Persona Waterpark

The death of the office?

Despite the relatively impressive performance of commercial office space so far, the longer-term prospects for the sector remain highly uncertain, with competing dynamics at play. Work-from-home (WFH) during COVID-19 proved to be a great success even among those industries and businesses where WFH was previously viewed as unworkable or otherwise undesirable. On balance, it is safe to assume a reduction in longer-term office space demand because of WFH. However, the extent to which WFH arrangements become the new normal is far from certain and likely to vary greatly across industries, job roles and geographies.

Many back-office functions may be well suited to ongoing WFH while job roles requiring much greater collaboration and human contact are likely to default back to an office environment, with some WFH as either a regular or occasional option. Those geographies where the bulk of the workforce resides in suburban environments with larger living spaces are likely to see greater take-up of WFH than those where residential living is more space constrained (central Hong Kong and Tokyo are cases in point).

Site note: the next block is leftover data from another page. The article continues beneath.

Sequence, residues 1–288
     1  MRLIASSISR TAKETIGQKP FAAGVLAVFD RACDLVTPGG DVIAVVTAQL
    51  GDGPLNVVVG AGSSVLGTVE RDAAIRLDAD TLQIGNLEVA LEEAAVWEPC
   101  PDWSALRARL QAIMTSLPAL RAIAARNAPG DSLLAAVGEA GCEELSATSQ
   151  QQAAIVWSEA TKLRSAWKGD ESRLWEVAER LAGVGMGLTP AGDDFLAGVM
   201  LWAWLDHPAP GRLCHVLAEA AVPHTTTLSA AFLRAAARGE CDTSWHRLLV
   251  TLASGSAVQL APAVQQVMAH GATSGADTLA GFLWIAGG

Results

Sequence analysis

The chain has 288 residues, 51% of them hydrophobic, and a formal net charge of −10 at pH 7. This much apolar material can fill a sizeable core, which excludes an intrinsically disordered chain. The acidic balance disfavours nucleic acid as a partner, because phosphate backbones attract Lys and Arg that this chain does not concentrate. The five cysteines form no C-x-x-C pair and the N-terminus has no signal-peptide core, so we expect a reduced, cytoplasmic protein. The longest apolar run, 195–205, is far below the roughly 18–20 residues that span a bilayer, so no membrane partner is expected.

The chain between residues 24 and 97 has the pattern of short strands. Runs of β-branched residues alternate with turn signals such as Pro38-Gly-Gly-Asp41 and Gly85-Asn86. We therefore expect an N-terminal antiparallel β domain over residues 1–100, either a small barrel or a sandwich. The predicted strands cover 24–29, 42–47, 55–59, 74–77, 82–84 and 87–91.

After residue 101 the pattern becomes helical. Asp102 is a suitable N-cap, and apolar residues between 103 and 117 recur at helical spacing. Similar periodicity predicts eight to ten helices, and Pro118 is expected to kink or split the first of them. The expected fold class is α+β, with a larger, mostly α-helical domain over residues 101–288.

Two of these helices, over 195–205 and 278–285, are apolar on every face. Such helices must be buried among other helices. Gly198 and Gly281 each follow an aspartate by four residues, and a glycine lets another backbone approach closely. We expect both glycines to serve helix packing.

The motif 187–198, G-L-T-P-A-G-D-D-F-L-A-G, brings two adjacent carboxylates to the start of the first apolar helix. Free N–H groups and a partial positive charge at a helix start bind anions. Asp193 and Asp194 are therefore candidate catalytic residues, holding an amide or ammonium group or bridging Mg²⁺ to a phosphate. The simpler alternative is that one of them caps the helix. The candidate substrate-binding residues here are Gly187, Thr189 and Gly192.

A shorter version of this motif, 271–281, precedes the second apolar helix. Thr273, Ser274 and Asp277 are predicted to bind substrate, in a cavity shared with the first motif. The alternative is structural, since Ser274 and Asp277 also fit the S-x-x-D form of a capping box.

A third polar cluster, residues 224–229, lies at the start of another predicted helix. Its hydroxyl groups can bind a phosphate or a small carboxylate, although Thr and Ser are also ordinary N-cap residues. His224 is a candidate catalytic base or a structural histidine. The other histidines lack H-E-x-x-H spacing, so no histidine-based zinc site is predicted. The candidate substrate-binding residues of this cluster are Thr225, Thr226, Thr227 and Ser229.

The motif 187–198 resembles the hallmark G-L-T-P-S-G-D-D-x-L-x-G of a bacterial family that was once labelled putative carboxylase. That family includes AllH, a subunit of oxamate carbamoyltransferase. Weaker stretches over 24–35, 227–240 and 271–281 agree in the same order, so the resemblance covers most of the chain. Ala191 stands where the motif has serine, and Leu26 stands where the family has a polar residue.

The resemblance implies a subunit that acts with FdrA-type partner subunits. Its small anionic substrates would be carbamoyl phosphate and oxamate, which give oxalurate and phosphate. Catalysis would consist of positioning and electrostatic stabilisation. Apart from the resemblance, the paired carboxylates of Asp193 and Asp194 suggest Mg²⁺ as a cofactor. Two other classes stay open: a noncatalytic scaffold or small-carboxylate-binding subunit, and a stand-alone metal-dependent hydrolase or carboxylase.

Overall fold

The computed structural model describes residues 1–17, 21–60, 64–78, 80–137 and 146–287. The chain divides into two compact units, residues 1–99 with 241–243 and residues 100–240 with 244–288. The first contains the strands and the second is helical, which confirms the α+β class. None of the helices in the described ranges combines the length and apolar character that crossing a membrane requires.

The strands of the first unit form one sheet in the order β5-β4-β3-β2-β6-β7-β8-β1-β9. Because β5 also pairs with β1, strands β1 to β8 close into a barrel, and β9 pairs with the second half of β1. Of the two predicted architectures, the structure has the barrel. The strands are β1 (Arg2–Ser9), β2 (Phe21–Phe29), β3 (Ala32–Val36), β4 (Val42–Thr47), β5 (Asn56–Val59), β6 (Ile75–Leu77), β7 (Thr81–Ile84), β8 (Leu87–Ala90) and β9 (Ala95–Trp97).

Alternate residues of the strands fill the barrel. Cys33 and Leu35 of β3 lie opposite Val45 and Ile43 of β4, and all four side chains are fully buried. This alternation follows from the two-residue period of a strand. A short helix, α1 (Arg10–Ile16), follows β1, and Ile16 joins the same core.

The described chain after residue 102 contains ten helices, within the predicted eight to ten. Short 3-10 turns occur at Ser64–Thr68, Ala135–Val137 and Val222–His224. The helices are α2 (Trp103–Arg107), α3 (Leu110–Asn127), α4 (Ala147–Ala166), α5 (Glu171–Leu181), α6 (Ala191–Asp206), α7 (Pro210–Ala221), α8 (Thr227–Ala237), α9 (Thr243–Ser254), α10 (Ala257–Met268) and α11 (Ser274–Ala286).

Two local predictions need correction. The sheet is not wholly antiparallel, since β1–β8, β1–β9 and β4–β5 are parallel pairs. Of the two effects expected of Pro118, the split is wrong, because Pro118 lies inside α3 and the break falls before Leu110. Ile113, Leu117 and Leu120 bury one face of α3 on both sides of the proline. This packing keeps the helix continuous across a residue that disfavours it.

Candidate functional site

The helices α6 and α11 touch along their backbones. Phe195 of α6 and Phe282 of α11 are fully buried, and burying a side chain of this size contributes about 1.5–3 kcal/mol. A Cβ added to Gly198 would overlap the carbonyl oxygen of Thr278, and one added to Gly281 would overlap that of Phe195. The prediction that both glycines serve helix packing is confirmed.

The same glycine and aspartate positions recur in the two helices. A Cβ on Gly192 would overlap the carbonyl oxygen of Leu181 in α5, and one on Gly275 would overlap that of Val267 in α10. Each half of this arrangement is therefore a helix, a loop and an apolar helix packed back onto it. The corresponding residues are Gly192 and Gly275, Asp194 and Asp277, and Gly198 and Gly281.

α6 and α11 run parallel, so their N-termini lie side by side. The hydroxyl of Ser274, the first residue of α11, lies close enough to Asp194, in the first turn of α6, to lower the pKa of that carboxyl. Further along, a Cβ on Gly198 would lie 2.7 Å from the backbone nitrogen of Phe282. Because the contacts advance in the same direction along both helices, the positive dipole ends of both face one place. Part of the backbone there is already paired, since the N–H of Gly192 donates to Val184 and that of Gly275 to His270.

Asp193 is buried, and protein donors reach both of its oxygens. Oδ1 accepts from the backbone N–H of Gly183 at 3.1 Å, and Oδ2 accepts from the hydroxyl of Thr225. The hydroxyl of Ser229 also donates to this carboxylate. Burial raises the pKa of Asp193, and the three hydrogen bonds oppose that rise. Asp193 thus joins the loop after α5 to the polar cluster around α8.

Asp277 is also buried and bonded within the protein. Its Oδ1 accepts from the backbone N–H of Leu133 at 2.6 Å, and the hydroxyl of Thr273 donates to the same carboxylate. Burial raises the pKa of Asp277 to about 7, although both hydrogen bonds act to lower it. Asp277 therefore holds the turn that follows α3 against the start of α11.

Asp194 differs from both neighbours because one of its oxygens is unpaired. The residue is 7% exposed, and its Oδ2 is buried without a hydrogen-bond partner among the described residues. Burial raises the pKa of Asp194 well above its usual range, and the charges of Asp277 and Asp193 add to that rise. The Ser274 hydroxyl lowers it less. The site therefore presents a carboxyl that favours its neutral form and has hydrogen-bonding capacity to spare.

There is another dynamic at play: the need for greater space per employee in the office environment – a trend rather clumsily described as “de-densification”. As the kinds of activities taking place in office environments become increasingly collaborative and the awareness of the health benefits of more personal space (ongoing social distancing, if you will) is enhanced, greater space per employee is likely to be demanded. In short, the death of the office may have been grossly exaggerated!

The Foundry

What does Sunsuper’s property portfolio currently look like?

The table below shows the largest holdings in Sunsuper’s ~A$7 billion unlisted property portfolio as at 30 June 2021. The portfolio is well-diversified across sub-sectors of the asset class and includes a significant exposure to less traditional sectors such as US multifamily residential, aged care, data centres and holiday parks. We have long invested a substantial portion of the portfolio outside of Australia, particularly, but not exclusively, in North America. The number of individual property assets exceeds 100.